450 Harrison Ave., Boston, MA



SOLO 2016
Juror: Ruth Erickson, Assitant Curator, ICA
Deadline: Oct 15, 2015. Click here for more info.

March 4 - 28, 2015

Opening Reception
Friday, March 6
6-830 pm



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Carol McMahon:

"Off_Kilter," found objects, acrylic, 21" x 6.5" x 7", 2015 (photo by Stewart Clements)


In her latest work, Carol McMahon returns to themes of home and childhood.

McMahon will be showing assemblages using found furniture, objects and toys. Sometimes elegant, awkward, forlorn, or humorous, this work underlines the uncertainties and mysteries of domestic life.

Kathleen Volp:

"Homage to Utrecht's 'Still Life with Cockatoo'" (detail from installation), mixed media, 95" x 45" x 41", 2015 (photo by Will Howcroft)


The work in Kathleen Volp’s latest exhibition "PRONK!" is an exuberant contemporary dialog with a 17th-century painting by Adriaen van Utrecht in the tradition of Dutch pronk still lifes (after the verb pronk, meaning to "show off").

Volp, who works in assemblage, combines materials including fake fruit, faux cockatoos, thrift-shop antiques and wood-grained spandex to address the parallels between the “ostentatious display” of commodities during the Dutch Golden Age and today’s conspicuous consumption. 




April 1 - 26, 2015

Opening Reception
Friday, April 3
6-830 pm


Vivian Pratt:
"Inner Terrains"

Gazing into organic debris, I discover a world in the minutiae. Finding connections between my magnified plant material and all forms of nature, I see allusions to the body or to outer space or inner terrains. 

I photograph, modify, collage and combine with more plant material until I find a moment of resolution, not content until the forms coalesce into an imagined space. 

Click here to read Artscope article: "Vivian Pratt Explores Nature's Hidden Frontier"












Tuo Wang:
"A Study for Human Opera: Prelude"

Tuo Wang's debut exhibition at Bromfield features his recent project based on two 19th-century European literatures.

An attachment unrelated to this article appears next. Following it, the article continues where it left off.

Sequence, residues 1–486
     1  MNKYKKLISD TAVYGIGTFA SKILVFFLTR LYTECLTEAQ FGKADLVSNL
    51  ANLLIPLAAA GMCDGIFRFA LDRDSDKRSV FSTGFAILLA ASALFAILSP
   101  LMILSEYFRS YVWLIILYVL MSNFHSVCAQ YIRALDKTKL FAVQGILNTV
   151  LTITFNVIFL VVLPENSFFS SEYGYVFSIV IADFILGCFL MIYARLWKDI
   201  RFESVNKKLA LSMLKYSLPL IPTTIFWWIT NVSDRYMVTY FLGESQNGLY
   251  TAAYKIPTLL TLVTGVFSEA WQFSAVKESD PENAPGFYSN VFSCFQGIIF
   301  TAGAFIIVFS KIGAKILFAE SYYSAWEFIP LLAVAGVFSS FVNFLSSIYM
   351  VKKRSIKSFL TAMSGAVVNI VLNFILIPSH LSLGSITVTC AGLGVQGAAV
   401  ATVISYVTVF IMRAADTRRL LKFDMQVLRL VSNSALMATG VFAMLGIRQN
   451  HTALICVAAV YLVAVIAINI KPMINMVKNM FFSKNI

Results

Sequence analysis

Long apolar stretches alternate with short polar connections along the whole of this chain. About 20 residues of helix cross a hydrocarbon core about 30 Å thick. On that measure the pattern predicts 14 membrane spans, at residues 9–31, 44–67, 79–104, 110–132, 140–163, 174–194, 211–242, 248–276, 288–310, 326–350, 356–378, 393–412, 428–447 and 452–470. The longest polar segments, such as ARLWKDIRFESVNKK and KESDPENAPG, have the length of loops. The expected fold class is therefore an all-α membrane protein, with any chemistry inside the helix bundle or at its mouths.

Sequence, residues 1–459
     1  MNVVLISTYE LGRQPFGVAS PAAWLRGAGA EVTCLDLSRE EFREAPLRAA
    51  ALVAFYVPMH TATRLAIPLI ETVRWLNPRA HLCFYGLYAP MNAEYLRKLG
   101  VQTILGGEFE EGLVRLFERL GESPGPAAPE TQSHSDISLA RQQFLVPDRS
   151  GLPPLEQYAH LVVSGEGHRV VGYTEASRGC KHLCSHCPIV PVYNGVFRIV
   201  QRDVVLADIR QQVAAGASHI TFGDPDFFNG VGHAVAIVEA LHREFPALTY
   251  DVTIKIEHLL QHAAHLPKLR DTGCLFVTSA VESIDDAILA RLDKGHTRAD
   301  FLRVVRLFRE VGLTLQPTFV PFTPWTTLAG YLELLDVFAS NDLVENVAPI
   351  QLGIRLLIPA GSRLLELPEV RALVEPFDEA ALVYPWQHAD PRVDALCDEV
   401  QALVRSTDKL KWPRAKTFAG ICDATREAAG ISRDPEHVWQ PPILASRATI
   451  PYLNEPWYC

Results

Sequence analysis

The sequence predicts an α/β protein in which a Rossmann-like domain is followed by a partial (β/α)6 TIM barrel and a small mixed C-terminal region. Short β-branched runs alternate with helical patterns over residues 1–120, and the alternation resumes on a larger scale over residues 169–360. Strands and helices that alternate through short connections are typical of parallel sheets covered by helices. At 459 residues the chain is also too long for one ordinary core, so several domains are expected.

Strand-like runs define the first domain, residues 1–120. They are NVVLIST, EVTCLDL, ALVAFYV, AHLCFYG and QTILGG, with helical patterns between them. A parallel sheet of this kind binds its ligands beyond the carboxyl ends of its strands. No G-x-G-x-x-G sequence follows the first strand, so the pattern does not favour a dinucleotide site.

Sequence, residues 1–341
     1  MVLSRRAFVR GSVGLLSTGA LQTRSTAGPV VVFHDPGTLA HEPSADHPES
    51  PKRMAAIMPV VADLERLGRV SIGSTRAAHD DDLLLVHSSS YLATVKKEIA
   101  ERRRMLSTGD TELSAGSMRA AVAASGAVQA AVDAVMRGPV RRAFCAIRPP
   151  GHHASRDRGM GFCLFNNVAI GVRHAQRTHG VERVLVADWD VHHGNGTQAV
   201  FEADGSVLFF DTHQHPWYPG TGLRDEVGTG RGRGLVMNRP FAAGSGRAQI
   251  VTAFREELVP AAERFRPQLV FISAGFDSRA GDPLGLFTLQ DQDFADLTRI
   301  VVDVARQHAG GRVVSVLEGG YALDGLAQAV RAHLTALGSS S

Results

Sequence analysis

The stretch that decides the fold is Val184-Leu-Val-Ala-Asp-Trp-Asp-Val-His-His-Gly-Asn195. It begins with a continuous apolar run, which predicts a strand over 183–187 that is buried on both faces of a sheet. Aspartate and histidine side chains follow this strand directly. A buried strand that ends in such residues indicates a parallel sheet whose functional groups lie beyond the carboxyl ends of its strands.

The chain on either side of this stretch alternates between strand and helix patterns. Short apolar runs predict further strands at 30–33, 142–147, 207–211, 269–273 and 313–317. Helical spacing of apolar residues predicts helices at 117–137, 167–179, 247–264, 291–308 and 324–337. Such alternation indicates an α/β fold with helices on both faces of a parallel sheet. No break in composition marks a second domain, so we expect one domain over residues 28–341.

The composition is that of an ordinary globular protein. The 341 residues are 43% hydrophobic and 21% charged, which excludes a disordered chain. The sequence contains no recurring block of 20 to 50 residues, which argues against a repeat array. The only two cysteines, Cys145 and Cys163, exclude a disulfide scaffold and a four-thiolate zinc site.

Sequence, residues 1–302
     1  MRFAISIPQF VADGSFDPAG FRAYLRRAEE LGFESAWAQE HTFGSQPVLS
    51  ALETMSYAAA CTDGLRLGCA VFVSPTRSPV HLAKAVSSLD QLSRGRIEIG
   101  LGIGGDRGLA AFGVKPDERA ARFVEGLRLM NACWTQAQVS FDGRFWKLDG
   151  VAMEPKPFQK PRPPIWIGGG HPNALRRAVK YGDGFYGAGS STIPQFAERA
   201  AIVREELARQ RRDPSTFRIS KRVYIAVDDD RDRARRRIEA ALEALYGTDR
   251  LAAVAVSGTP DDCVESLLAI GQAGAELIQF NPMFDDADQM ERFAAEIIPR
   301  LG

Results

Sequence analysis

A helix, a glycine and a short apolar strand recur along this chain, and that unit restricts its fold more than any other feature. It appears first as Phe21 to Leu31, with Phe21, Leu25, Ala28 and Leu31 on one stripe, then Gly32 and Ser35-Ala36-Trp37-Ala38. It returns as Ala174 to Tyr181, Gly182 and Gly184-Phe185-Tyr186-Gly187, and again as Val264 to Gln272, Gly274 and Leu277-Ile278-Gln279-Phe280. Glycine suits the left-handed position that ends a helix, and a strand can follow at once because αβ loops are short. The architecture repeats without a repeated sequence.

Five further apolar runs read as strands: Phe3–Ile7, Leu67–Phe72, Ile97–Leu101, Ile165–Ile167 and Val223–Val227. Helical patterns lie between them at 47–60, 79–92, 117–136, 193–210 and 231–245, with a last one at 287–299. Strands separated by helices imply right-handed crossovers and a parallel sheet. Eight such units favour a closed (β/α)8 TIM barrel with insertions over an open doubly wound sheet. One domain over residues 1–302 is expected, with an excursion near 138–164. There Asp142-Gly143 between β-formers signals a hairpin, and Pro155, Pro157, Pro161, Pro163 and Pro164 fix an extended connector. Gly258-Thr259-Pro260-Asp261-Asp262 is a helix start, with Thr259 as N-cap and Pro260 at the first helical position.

By employing various mediums to create a multi-narrative environment, this project attempts to examine the unreliable relationship between cultural archive and the contemporary human status.



Revisit key artworks from the recent exhibitions "The 4 Questions" by Larry C. Volk and "New Paintings" by Jill Weber.


Larry C. Volk: "The 4 Questions"

The 4 Questions uses the Passover Seder as a framework to explore the Holocaust experiences of Rosette Volk, the artist’s mother.

Larry Volk explores his family history through the ritual of the Seder meal, which embodies Jewish tradition of recollection and remembrance.


Jill Weber: "New Paintings"

My work incorporates the essentials of architectural space and detail into compositions that are both ambiguous and concrete. In each painting I  intentionally create a disorienting sense of depth and movement.

It has been said that I turn “our perceptions about space upside down by morphing the tangible, asking us to confront architectural space as repositories of memory and the endless possibilities of human interaction."

I hope that is true.

































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